Pfizer announced top-line results from a double-blind Phase III study evaluating pregabalin controlled-release (CR) formulation in adult patients with postherpetic neuralgia (pain after shingles or PHN).
The results show that pregabalin CR resulted in a statistically significant positive effect compared to placebo in the primary endpoint, time to loss of therapeutic response (LTR) in pain reduction.
PHN is a type of peripheral neuropathic pain caused by nerve damage. Symptoms include continued burning or electric shock-like pain.
This study is the final of three Phase 3 studies of the pregabalin CR formulation conducted to ascertain the potential use of pregabalin as a once-a-day therapy.
The first study in adults with partial onset seizures with epilepsy did not meet its primary endpoint. In the second study in patients with fibromyalgia, pregabalin CR had a statistically significant positive effect compared to placebo in the primary endpoint, time to LTR in pain reduction.
The objective of the Phase 3 double-blind, randomized, placebo-controlled study was to evaluate the safety and efficacy of pregabalin CR compared with placebo in the durability of effect for the treatment of pain associated with PHN among patients who initially respond to single-blind pregabalin.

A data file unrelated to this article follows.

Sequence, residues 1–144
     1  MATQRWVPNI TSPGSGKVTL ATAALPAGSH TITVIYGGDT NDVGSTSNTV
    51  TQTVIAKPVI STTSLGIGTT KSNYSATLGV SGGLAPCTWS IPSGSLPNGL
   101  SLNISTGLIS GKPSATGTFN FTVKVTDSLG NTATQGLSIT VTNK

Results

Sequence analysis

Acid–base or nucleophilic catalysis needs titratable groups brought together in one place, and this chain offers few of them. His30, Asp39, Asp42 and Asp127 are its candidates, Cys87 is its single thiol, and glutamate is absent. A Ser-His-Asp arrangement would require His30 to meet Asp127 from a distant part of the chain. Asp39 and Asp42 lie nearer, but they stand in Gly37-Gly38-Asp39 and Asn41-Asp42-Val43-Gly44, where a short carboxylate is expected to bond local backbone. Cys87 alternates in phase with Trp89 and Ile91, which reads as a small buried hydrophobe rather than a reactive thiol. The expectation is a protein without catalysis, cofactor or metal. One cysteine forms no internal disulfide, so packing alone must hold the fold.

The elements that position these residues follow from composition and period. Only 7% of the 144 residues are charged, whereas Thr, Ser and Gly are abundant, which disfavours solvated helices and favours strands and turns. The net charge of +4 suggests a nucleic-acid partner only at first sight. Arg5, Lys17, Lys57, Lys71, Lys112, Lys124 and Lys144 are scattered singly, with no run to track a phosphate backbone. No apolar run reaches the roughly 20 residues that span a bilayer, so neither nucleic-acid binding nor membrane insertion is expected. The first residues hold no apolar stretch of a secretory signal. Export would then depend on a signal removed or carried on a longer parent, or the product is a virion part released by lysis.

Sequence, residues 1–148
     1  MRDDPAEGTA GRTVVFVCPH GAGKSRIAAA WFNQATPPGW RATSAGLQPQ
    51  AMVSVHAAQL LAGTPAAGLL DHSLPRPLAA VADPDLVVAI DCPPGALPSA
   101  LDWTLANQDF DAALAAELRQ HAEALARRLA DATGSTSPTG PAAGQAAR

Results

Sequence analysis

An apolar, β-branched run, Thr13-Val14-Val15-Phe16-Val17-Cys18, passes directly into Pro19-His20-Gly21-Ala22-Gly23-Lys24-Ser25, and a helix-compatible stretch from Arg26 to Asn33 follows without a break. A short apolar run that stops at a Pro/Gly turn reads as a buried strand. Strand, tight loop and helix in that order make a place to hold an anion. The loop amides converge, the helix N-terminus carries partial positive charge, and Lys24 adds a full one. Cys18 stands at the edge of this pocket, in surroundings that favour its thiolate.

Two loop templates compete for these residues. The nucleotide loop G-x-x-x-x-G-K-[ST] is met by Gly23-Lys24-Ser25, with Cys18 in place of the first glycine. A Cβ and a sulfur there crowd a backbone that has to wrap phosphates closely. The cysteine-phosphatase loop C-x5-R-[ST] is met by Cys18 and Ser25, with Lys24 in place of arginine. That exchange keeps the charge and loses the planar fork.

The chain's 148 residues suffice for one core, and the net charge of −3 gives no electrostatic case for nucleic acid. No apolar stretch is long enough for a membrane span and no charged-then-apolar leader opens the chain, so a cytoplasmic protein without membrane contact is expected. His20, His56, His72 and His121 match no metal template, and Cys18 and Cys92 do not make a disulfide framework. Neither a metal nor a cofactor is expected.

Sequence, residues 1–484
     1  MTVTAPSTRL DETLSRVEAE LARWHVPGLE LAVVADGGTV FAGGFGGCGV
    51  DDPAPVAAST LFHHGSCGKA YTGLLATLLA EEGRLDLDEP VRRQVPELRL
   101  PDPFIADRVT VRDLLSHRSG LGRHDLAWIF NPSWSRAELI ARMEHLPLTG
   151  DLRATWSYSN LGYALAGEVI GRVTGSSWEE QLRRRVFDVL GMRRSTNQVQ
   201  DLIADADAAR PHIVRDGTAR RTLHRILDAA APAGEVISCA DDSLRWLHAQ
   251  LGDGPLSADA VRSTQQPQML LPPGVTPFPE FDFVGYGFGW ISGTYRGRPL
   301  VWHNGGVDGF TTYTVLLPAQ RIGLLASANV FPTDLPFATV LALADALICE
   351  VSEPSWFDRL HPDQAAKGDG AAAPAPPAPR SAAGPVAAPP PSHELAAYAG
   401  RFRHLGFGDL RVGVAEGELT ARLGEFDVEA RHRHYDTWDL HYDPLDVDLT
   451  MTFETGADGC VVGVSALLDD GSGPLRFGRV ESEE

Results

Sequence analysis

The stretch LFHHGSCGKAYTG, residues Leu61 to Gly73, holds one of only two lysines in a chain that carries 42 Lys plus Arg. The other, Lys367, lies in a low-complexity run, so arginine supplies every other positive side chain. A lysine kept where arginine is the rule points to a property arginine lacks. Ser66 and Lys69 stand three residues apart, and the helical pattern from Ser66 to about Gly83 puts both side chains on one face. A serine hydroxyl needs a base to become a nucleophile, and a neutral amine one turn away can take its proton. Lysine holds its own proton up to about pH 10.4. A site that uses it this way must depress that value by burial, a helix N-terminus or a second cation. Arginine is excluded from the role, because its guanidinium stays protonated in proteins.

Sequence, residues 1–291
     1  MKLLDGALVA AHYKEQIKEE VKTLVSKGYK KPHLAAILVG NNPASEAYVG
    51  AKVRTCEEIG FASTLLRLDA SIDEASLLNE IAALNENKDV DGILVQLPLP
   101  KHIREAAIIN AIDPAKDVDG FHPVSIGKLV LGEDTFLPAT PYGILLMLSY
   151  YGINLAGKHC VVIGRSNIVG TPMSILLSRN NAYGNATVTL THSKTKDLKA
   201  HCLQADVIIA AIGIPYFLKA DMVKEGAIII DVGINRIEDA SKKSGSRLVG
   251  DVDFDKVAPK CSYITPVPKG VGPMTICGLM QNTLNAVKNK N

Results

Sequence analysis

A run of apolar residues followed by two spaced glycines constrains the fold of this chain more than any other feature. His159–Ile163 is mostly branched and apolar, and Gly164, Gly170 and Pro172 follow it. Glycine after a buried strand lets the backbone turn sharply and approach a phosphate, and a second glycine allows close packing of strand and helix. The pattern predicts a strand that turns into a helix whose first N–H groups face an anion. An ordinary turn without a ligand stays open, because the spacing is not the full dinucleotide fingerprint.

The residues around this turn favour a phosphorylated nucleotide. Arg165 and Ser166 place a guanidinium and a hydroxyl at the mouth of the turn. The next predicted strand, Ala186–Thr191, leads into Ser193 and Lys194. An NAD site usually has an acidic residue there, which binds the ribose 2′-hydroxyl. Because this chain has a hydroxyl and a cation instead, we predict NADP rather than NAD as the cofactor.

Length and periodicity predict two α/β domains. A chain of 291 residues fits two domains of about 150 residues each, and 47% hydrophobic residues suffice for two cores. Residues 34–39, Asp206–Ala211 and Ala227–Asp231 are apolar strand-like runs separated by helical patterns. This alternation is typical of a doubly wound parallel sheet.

The study was composed of 4 phases: baseline (1 week), single-blind treatment (6 weeks), double-blind treatment (13 weeks), and a 1-week double-blind taper.
During the single-blind phase, there were two stratification groups receiving different doses of pregabalin. Patients with normal renal function received a dose between 165 mg/day to 660 mg/day while patients with low renal function received between 82.5 mg/day and 330 mg/day of pregabalin.
In the double-blind phase, patients were randomized to continued pregabalin CR treatment at the optimized dose or to matching placebo.
A total of 796 subjects were enrolled into the single-blind phase from 116 sites in 17 countries. Of the 796 subjects, 418 (51.8%) completed the single-blind phase, had =50% pain response (i.e., =50% reduction in pain compared to baseline) and were randomized into double-blind phase.
The primary endpoint, defined as the time to LTR during the double-blind phase (LTR; <30% pain response relative to the baseline mean pain or withdrawal due to lack of efficacy or adverse events), occurred in 29 of 208 (13.9%) patients in the pregabalin group as compared with 63 of 205 (30.7%) subjects in the placebo group. The difference between the treatments was statistically significant.
Pregabalin CR was well tolerated and the safety profile was consistent with the known profile for pregabalin (immediate release) in PHN patients. The most common adverse events with pregabalin CR were dizziness, somnolence, peripheral edema and weight increase.
Full results from the study will be submitted for publication when analyses are complete.